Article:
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Viduals exploited their hallucinations for personal advancement and the first truly modern society emergedIlluminating glimpses into the ancient mind are skillfully interwoven here with the still evolving story of modern day cave discoveries and research The Mind in the Cave is a superb piece of detective work casting light on the darkest mysteries of our earliest ancestors while strengthening our wonder at their aesthetic achievement. 4 stars from a layperson and let me preface this review with that although I'm certainly left feeling that I have a lifetime's worth of knowledge about art and it's place in our culture when compared to the author's understanding to be honest The book is brilliant and thorough as one can be regarding the fragments left from a civilization gone now for ten thousand years it certainly filled in many gaps of understanding as my mild interest in the prehistoric world over the years has turned to obsession Several points where I doubted the book interestingly enough are often pointed out by Lewis Williams Specifically I find it hard to accept that he could preface his thoughts on the full spectrum of consciousness by stating why 'altered states of consciousness' is a poor phrase then go on to use the phrase for the entire book eventually falling into the trap of poorly stereotyping non rational thought that he himself had pointed out earlier Similarly the author does a great job of pointing out present bias as he gives a history of anthropological thought regarding the caves which almost seemsor may have actually been a warning regarding his own present bias I feel that there were many times where Lewis Williams fills in the cracks of knowledge with loaded words when trying to get into the mind of the shamans themselves The oversimplification of the differences in neanderthal and modern human consciousness seemed off though to be fair I don't know if we could ever understand the differences between our brains and theirs and my opinions could be colored by advances in neanderthal understanding that the book precededThe final chapter is where this book went from 5 stars to 4 Honestly after reading a book filled with this much wonder to have the writer trivialize complex cultural conscious phenomena as being nothing but neurobiological processes it makes me think that he has no idea what a shamanor 'art' which he seems to like to put in uotations for some reason actually is or does Hopefully as the years go on this great work will be added to by research from a wider cultural backgroundThe most frustrating thing to me about this book other than the last chapter is that 12 years on I would love to get an update on his ideas considering that the past 12 years have seen a considerable amount of prehistoric progress and discovery not even including most recently the debate on neanderthal burials seemingly closed as well as analysis of neanderthal DNA However nothing seems to be available on the internet regarding any edits or changes to the book or even an author's website which might have answered my uestionsI should also add that there is probably a little bit of jealousy in my review as I will never be able to get over the fact that guys like David have been able to actually stand in these caves while I will never be able to It sucksOverall I would recommend this book to anyone interested in the subject David Lewis Williams does a masterful job of laying out not only the history of modern thought on the subject but specific case studies of cultures that may have lived similarly from opposite ends of the world It's the type of shit that will always inspire me to make art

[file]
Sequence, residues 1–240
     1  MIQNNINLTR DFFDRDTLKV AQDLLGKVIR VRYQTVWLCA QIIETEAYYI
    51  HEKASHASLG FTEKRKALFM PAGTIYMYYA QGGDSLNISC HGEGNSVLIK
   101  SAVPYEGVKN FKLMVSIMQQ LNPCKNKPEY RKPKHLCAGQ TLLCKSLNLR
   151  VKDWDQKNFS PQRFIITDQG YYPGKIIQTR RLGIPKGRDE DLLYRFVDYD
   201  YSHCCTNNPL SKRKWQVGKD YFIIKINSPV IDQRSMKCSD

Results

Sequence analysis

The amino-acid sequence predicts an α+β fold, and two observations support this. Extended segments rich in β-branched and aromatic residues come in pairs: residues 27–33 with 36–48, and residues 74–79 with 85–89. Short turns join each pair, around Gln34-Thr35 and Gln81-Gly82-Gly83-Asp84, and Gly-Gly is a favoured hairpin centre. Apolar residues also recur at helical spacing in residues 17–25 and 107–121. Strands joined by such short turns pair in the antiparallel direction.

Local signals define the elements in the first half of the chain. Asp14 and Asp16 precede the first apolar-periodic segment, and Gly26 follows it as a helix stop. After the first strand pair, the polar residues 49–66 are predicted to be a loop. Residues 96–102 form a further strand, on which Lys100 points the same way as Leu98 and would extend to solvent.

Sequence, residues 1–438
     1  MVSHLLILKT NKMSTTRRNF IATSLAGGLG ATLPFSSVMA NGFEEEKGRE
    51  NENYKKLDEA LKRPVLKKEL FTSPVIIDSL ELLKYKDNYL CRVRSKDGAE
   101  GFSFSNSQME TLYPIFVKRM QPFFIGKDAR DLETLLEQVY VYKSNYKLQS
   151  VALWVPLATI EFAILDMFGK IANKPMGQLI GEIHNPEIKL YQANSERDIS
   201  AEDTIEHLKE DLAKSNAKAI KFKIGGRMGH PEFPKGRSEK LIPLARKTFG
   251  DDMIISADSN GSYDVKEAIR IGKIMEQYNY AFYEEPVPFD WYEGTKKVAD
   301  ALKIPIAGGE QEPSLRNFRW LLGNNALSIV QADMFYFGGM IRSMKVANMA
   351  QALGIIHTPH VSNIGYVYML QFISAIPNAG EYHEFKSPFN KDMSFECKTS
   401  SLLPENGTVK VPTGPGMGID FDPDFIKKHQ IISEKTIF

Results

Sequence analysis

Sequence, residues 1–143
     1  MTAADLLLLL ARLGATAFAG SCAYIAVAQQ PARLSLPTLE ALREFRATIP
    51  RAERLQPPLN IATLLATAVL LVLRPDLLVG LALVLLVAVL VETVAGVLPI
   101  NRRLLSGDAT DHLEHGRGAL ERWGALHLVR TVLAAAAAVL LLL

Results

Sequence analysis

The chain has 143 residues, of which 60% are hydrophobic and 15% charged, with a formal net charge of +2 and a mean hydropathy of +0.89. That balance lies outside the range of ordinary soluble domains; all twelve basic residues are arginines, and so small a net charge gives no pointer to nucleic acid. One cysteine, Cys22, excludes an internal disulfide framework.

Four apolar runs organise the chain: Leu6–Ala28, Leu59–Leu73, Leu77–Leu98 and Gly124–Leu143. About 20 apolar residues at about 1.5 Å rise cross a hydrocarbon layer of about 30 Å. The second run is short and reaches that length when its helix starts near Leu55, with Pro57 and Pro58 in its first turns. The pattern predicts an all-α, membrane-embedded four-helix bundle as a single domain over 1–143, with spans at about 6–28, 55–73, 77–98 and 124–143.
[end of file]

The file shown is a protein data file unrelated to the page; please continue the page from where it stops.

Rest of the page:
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The Mind in the Cave Consciousness and the Origins of ArtEmerging from the narrow underground passages into the chambers of caves such as Lascaux Chauvet and Altamira visitors are confronted with symbols patterns and depictions of bison woolly mammoths ibexes and other animalsSince its discovery cave art has provoked great curiosity about why it appeared when and where it did how it was made and what it meant to the communities that created it David Lewis Williams proposes that the explanat. I'm pretty sure I would have been the person in the deepest cave drawing cats